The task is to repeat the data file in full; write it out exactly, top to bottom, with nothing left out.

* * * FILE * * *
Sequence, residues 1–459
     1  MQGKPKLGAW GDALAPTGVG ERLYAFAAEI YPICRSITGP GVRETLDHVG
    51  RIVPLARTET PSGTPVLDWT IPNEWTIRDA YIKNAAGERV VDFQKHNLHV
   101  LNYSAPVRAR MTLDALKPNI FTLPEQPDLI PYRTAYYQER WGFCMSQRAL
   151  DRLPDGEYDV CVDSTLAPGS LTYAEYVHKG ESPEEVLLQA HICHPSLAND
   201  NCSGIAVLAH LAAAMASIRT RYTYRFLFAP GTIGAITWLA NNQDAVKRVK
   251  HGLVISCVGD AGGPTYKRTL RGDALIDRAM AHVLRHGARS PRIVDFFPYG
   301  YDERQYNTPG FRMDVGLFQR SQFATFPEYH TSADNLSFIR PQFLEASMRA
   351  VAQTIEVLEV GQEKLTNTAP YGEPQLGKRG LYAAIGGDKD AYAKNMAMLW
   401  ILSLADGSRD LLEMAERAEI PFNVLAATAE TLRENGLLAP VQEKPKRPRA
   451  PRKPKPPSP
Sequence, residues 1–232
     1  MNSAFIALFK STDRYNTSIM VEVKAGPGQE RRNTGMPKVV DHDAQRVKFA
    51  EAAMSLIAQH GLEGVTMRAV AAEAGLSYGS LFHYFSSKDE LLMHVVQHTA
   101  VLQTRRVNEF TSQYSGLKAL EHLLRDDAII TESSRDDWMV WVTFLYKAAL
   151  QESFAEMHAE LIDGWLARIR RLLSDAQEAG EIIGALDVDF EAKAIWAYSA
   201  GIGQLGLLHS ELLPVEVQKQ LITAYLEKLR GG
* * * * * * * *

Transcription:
Sequence, residues 1–459
     1  MQGKPKLGAW GDALAPTGVG ERLYAFAAEI YPICRSITGP GVRETLDHVG
    51  RIVPLARTET PSGTPVLDWT IPNEWTIRDA YIKNAAGERV VDFQKHNLHV
   101  LNYSAPVRAR MTLDALKPNI FTLPEQPDLI PYRTAYYQER WGFCMSQRAL
   151  DRLPDGEYDV CVDSTLAPGS LTYAEYVHKG ESPEEVLLQA HICHPSLAND
   201  NCSGIAVLAH LAAAMASIRT RYTYRFLFAP GTIGAITWLA NNQDAVKRVK
   251  HGLVISCVGD AGGPTYKRTL RGDALIDRAM AHVLRHGARS PRIVDFFPYG
   301  YDERQYNTPG FRMDVGLFQR SQFATFPEYH TSADNLSFIR PQFLEASMRA
   351  VAQTIEVLEV GQEKLTNTAP YGEPQLGKRG LYAAIGGDKD AYAKNMAMLW
   401  ILSLADGSRD LLEMAERAEI PFNVLAATAE TLRENGLLAP VQEKPKRPRA
   451  PRKPKPPSP
Sequence, residues 1–232
     1  MNSAFIALFK STDRYNTSIM VEVKAGPGQE RRNTGMPKVV DHDAQRVKFA
    51  EAAMSLIAQH GLEGVTMRAV AAEAGLSYGS LFHYFSSKDE LLMHVVQHTA
   101  VLQTRRVNEF TSQYSGLKAL EHLLRDDAII TESSRDDWMV WVTFLYKAAL
   151  QESFAEMHAE LIDGWLARIR RLLSDAQEAG EIIGALDVDF EAKAIWAYSA
   201  GIGQLGLLHS ELLPVEVQKQ LITAYLEKLR GG